Marketplace Morning Report
Start your day with an up-to-the-minute report on the world of business and finance with host David Brancaccio.
Airing on Thursday, April 2, 2015: Evidence is mounting that the U.S. economy may not be as robust as many investors and central bankers have touted it to be. This at a time when we've seen softening data on personal spending, manufacturing, job growth and auto sales. It's a situation that's heightened concerns that Friday's all-important jobs report could also be a disappointment. Plus, FICO has created a new credit score specifically for consumers with weak — or no — creditworthiness. We explain how the new metric will work, how it is different, and who will benefit most from it. And Missouri doesn't recognize same-sex marriage, but the governor there has allowed those couples to file state taxes as married couples. Other states that don't allow same-sex marriage have issued other workarounds. But in Alabama, there's a standoff between federal and state courts, with the state courts refusing to recognize same-sex marriage, leaving accountants at tax time flustered.
Airing on Wednesday, April 1, 2015: Web hosting company GoDaddy is going public today. Shares in the company are expected to start trading this morning, after pricing its initial public offering overnight. More on that. Plus, Seattle is front and center in the minimum wage debate in the nation and today as the first phase of the city’s minimum wage plan goes into effect with a $11 an hour rate for all minimum wage workers. This will increase to $15 for all workers over the next few years but at least one iconic local restaurant chain, Ivars, is jumping ahead to the final phase straight away. We explore. And we mentioned earlier this week that there's so much oil being pumped right now that we may be running out of space to put it all. And that situation might get worse if Iran is allowed to start pumping its oil into the market. That's doing a couple of things: it's making oil prices fall, and it's increasing the price of storage. And that could create an opportunity for oil traders. Marketplace's Paddy Hirsch joins us to explain.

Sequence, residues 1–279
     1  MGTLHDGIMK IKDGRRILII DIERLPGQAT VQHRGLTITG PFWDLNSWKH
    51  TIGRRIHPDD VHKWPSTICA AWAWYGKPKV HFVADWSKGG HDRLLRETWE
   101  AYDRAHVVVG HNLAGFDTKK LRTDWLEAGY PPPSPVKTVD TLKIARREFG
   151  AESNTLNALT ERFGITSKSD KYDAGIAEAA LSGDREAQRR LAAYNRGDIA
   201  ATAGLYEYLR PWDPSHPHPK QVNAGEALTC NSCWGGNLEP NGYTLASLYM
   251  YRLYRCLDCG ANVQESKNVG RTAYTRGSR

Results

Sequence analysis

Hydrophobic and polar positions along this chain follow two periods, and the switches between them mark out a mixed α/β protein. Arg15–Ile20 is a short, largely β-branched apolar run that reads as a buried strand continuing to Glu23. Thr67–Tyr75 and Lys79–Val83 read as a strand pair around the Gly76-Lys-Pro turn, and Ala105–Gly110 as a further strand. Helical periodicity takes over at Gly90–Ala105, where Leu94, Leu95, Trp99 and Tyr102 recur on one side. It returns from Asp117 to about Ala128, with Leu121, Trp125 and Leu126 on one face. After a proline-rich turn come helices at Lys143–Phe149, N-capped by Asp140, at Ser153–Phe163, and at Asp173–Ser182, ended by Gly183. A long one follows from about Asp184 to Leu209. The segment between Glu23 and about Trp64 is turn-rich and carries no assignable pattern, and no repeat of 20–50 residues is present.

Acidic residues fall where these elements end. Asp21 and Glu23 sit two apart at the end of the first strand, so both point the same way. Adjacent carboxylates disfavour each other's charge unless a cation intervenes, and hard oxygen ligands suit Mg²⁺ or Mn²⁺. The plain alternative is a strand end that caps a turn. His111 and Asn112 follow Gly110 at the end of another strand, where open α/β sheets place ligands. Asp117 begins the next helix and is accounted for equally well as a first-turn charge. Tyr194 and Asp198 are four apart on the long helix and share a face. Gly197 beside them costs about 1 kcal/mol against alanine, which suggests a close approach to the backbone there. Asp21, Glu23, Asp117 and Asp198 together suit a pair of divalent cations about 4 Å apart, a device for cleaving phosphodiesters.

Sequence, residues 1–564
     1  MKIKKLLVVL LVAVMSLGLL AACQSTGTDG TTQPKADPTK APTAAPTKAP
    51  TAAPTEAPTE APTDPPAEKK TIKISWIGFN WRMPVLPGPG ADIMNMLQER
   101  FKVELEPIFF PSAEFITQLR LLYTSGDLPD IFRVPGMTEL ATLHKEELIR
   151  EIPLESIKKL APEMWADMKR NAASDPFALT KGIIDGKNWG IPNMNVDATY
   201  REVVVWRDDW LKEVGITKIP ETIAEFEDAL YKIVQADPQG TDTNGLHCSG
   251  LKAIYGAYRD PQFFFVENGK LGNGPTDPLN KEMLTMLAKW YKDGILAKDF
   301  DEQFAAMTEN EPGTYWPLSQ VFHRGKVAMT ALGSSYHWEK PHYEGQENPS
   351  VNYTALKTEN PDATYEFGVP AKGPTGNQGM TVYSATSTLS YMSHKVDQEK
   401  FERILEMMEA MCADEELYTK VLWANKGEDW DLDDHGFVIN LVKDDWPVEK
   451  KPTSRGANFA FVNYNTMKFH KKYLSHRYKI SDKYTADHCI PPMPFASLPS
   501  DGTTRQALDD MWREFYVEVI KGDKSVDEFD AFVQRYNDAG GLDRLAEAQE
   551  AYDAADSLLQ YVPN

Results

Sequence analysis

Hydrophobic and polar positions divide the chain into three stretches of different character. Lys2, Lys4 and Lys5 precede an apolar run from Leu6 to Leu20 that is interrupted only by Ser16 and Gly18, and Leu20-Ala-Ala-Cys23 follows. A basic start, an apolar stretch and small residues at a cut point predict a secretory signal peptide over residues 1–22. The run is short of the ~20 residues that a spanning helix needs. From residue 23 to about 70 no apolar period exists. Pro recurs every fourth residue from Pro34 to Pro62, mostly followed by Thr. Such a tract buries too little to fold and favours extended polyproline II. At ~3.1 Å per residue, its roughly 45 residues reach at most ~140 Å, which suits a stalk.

Airing on Tuesday, March 31, 2015: The Case-Shiller 20-city housing price index for the month of January comes out today. Given the recent uptick in pending sales and overall tightening of inventory, a bump seems likely. But will it be a healthy bump if it’s due in part to a limited number of new and existing homes on the market? And the five permanent members of the UN Security Council, plus Germany, have been in Switzerland since Sunday trying to get some sort of deal done that would prevent Tehran from developing a nuclear bomb, in exchange for easing sanctions that are crippling its economy. Secretary of State John Kerry put the odds of reaching a deal at fifty/fifty - and oil markets are taking note with crude prices down almost 2 percent today. More on that. Plus, Russian President Vladimir Putin has said he will intervene anywhere to protect ethnic Russians from persecution. Just like in Ukraine. Which begs the question: What about Latvia? We report rom the Latvian capital, Riga.
Airing on Monday, March 30, 2015: There's a report this morning that retailer GNC has agreed to start new testing of its herbal dietary supplements. More on that.U.S. Treasury Secretary Jack Lew will be in China on Monday meeting with Chinese officials. Currency and economic reform are on the agenda, but many also expect discussion of the planned Asian Infrastructure Investment Bank. The U.S. is suspicious of the Chinese-led "alternative to the World Bank" but a number of U.S. allies are rushing to join. We investigate. Plus, after putting it off during the Great Recession, cities are starting to spend money to repair roads, bridges and other pieces of their crumbling infrastructure. In Atlanta, voters recently approved a quarter of a billion dollar infrastructure bond package.
Airing on Friday, March 27, 2015: Prices are not budging in Japan at a time that policymakers really wanted to see prices rise some. There's news today inflation in Japan is zero. Sinking oil is one reason, but consumers are still tentative about buying things. That's despite extensive efforts by the Japanese goverment to stimulate things, a set of policies called "Abenomics". More on that. Plus, 3G Capital plans to put into place “zero based budgeting” at Kraft. We explain what this means and how it works. And for people who have too much to do, don't want to think much about food or are tired of microwaving plastic from the freezer, there is something called Soylent. It's a powder that turns into a bland, beige shake. Soylent is produced by a start up company that's been attracting some serious venture capital from big Silicon Valley names. We talk about, and taste, the product.
Airing on Thursday, March 26, 2015: With the Saudi-led coalition bombing targets in Yemen to stop advances by Houthi rebels, the price of oil right now is up 4 percent. That's a dramatic spike, given that Yemen accounts for a tiny percentage of the world's oil. More on that. Plus, did you know that nearsightedness causes people to make bad decisions about money? I'm talking about a kind of myopia that can't be fixed by the optometrist. It's the human tendency to see the future as hazy and the present sharply in focus. Behavioral economists have a fancy name for it: "hyperbolic discounting". Joseph Kable, a neuroscientist in the Department of Psychology at the University of Pennsylvania, joins us to talk about it.